October 17, 2021

Working with CDI Bean in Java

Creating your CDI bean

A CDI bean is an application component that encapsulates some business logic. Beans can be used either by a Java code or by the unified EL (expression language used in JSP and JSF technologies). The beans’ life cycles are managed by the container and can be injected into other beans. To define a bean, all you need to do is to write a POJO and declare it to be a CDI bean. To declare this, there are two primary approaches:

  • Using annotations
  • Using the xml file

Both ways should work; however, folks prefer using annotations over XML as it’s handy and included in the actual coding context. So, why is XML still there? Well, that’s because annotations are relatively new in Java (released in Java 5). Until they were introduced, there was no other way in Java other than XML to provide configuration information to the application server. And since then, it continued to be just another way, alongside the annotations approach.

Moreover, if both are used together, XML is going to override annotations. Some developers and application administrators tend to perform temporary changes or hot-fixes at times, by overriding some hard-coded programmatic configuration values, using external XML files. It’s worth mentioning that this approach is not a recommended way to actually deploy things into your production.

In this article, you’ll use the annotations approach. Now, start by defining your first CDI bean:

First CDI bean

Perform the below steps:

  1. Defining a CDIbean – Start the first step by creating a new Java class with the name MyPojo, and then write the following code:

This bean is nothing more than a plain old Java object, annotated with the @Dependent annotation. This annotation declares that your POJO is a CDI component, which is called the dependent scope. The dependent scope tells the CDI context that whenever you request an injection to this bean, a new instance will be created.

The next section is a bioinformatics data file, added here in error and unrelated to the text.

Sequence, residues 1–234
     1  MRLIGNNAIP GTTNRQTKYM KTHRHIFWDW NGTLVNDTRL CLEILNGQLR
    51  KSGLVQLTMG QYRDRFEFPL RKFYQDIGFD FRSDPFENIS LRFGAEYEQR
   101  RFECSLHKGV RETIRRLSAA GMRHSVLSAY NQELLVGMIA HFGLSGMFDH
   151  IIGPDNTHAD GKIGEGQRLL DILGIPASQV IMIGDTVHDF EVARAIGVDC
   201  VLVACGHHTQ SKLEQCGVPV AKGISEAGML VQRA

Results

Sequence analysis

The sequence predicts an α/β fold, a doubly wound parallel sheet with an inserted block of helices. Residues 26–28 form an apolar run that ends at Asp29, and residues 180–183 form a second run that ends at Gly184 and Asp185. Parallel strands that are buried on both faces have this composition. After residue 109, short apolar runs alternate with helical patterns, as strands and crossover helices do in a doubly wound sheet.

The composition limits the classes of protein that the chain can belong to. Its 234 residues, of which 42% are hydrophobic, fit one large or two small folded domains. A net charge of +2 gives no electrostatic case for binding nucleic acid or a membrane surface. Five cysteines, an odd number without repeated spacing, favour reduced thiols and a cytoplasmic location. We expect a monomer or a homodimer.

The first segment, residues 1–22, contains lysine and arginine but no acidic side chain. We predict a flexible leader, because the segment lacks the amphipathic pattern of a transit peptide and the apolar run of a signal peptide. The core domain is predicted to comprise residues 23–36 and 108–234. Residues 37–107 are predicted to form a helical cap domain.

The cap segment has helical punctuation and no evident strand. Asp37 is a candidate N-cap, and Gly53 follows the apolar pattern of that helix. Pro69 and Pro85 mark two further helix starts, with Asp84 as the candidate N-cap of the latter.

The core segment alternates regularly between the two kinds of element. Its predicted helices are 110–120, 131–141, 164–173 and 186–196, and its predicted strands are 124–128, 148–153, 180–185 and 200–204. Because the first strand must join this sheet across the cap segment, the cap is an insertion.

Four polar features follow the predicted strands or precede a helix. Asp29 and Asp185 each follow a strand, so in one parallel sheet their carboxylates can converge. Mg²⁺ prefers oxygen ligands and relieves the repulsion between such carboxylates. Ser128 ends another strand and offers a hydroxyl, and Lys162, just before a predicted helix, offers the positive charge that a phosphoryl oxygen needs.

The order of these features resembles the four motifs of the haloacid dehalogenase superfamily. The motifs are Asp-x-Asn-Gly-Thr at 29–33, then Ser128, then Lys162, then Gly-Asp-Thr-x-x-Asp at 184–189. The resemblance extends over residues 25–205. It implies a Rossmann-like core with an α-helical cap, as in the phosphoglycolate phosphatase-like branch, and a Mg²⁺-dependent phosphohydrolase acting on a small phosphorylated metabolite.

1. Now, inject your baby CDIbean into another component. Use a servlet as an example to this. Create a servlet named ExampleServlet and write the following code:

You have used the @Inject annotation to obtain an instance to the MyPojo class. Now run the application and visit http://localhost:8080/EnterpriseApplication1-war/cdi-example-1. You should see a page with the following text:

Congratulations! You have created and used your first CDI bean.

Providing alternative implementations to your bean

One of the greatest features of CDI is that you can provide two or more different implementations to the same bean. This is very useful if you wish to do one of the following:

  • Handling client-specific business logic that is determined at runtime; for example, providing different payment mechanisms for a purchase transaction
  • Supporting different versions for different deployment scenarios; for example, providing an implementation that handles taxes in the USA and another one for Europe
  • Easier management for test-driven development; for example, you can provide a primary implementation for production and another mocked one for testing

To do this, you should first rewrite your bean as an abstract element (abstract class or interface) to provide different implementations according to the basic OOP principles. Now rewrite your bean to be an interface as follows:

Create an implementation class to your new interface:

Now, without any modifications to the servlet class, you can test re-run your example; it should give the following output:

What happened at runtime? The container received your request to inject a MyPojo instance. Since the container has detected your annotation over an interface and not a class stuffed with an actual implementation, it has started looking for a concrete class that implements this interface. After this, the container has detected the MyPojoImp class that satisfies this criterion. Therefore, it has instantiated and injected it for you.